This week, the annual Care Quality Commission (CQC) Report on Controlled Drugs revealed that the number of prescriptions for Ritalin, the drug commonly used for treating children with Attention Deficit Hyperactivity Disorder (ADHD) has risen by 56% in the last five years. That is to say, in 2007 GPs in England wrote 420,000 prescriptions for Ritalin and in 2012 they wrote 657,000.
You might be forgiven for thinking that Ritalin (chemical name methylphenidate) must be a relatively new kid on the block (pardon the pun) given its recent rise to prominence. But in fact, it was first prescribed as far back as 1957 for the treatment of chronic fatigue, depression, psychosis associated with depression and narcolepsy. By the 1960s, research interest focused on its use in the treatment of hyperkinetic syndrome, which would eventually be labelled ADHD.
Although technically not an amphetamine, Ritalin is a brain stimulant that seems to behave in a similar manner; its mechanism of action is still not understood. Most experts agree that it affects the part of the brain involved with impulse control (the midbrain) and researchers have reported a link between Ritalin and serotonin, a naturally occurring brain neurotransmitter (also the target of antidepressants known as Selective Serotonin Reuptake Inhibitors, SSRIs, of which Prozac is a prime example).
A recent new Canadian study among thousands of children http://www.nber.org/papers/w19105 should give us pause for thought when it comes to the subject of Ritalin prescriptions. It showed that Ritalin and other such stimulants have no long-term benefits and, if anything, children on these drugs experienced worse outcomes than children not taking them. To quote the authors:
“We find evidence of increases in emotional problems among girls and reductions in educational attainment among boys. Our results are silent on the effects on optimal use of medication for ADHD, but suggest that expanding medication can have negative consequences given the average way these drugs are used in the community.”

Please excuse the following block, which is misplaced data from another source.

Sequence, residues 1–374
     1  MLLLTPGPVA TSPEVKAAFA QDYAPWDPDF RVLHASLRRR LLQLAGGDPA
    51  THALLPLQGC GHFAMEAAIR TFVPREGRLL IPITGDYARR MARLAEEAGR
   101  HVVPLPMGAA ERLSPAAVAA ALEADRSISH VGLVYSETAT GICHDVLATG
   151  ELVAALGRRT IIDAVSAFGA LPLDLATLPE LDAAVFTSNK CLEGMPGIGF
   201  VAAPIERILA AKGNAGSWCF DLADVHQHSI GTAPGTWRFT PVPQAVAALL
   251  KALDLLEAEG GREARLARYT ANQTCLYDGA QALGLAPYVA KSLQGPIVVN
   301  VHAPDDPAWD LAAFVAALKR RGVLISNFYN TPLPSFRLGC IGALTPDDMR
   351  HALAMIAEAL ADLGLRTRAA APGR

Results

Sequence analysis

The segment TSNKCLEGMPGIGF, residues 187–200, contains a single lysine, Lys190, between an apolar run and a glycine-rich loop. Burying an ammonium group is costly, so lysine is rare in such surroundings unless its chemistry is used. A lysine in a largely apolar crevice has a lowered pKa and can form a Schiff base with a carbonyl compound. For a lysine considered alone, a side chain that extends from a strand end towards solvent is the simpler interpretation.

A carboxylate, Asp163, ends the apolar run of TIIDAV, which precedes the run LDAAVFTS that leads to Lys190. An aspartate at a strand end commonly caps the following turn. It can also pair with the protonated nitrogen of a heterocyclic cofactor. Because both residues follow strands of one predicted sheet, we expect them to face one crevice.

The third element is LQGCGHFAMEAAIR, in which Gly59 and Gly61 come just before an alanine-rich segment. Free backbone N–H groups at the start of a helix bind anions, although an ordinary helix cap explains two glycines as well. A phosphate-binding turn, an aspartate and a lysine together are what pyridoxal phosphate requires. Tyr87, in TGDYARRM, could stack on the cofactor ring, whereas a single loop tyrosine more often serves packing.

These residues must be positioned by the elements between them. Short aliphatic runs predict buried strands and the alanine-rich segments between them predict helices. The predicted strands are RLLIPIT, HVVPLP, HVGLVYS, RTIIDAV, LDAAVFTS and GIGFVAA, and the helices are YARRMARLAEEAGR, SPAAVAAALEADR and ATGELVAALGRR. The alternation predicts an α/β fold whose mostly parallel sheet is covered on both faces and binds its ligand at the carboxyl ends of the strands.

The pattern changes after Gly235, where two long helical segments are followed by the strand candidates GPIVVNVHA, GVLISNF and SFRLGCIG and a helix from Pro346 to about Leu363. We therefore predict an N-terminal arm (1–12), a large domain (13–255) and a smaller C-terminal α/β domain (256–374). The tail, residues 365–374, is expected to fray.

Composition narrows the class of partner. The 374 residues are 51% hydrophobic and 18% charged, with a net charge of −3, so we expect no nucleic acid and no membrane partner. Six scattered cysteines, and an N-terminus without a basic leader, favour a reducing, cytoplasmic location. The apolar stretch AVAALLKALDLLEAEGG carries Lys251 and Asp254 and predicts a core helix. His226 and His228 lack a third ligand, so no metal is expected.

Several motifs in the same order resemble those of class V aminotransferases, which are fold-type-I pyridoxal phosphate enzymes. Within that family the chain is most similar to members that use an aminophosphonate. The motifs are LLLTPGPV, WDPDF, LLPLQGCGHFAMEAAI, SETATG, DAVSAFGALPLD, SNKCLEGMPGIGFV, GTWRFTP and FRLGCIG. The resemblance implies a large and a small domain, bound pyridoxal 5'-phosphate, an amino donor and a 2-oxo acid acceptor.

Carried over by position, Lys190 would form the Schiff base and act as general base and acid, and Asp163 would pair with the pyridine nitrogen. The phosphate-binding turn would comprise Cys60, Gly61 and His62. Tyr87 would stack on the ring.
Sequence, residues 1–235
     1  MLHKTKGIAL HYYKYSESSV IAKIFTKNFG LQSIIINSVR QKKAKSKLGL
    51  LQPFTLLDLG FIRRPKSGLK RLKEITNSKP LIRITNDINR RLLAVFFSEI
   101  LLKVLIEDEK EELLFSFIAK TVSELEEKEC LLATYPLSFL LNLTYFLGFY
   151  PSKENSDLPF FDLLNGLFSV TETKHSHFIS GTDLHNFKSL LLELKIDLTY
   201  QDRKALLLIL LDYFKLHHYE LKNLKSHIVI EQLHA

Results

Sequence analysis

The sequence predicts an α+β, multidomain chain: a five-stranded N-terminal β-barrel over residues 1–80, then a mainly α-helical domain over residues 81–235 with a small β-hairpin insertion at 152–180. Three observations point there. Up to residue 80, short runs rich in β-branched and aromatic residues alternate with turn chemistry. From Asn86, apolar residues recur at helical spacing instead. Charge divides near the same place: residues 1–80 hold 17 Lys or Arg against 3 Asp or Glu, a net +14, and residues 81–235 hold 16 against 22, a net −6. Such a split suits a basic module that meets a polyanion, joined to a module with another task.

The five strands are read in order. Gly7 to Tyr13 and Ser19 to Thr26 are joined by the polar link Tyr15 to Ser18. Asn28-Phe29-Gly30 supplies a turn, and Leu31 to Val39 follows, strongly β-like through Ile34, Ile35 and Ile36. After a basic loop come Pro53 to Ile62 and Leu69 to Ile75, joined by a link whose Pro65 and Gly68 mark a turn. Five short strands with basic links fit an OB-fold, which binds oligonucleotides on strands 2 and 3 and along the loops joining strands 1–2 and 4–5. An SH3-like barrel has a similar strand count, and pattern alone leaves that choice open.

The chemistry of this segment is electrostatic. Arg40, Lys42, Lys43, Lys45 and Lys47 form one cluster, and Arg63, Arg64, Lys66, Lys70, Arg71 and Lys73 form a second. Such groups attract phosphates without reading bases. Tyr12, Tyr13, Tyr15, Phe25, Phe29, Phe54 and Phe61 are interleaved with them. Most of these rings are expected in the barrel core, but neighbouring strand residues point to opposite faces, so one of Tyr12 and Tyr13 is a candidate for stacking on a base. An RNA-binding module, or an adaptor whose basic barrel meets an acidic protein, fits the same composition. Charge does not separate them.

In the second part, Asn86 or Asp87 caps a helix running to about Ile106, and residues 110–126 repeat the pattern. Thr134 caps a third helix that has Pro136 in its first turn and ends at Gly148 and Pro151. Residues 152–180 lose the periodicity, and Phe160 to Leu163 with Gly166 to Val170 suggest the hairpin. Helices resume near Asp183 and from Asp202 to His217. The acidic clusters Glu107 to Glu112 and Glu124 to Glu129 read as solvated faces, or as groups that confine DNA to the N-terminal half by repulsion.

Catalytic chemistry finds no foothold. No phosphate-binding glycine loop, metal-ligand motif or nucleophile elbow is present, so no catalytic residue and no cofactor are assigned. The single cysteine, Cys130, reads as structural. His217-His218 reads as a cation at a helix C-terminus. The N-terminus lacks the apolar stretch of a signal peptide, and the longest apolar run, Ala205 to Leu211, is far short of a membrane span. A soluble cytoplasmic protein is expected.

Why this, one wonders? One thought is that while Ritalin may work to quiet children down, it may also give the appearance that their behavioural problems have been solved. The difficulty is, that if the underlying cause of an ADHD diagnosis remains unaddressed, it won’t necessarily go away and when the drug is discontinued, symptoms will inevitably re-emerge. Children who have been ‘damped down’ in this way are also (arguably) less likely to get any additional academic help they may need, which may have been an unconscious reason for the original disruptive behaviour.
It is recommended that Ritalin should always be prescribed alongside non-medical psychological treatments such as counselling, though in practice this doesn’t always happen. This removes a significant check from the treatment equation. Psychoactive medication combined with failure to treat underlying causes rarely ever prospers the patient.
None of this is to say that Ritalin is not an effective treatment for a small, but significant, number of children with ADHD, whose lives without the drug would probably be all the poorer. But clinicians are rightly becoming disturbed by the rapidly rising number of children who are now receiving treatment as a matter of course – an incredible 11% of all school children in the USA (nearly 20% of high school-aged boys). From these latest CQC figures, it appears that a similar trend is emerging in the UK.
Given the large demographic, particularly in the USA, are children being medicated for the ‘disorder’ of being a child, one has to ask.
Written by Jacqui Hogan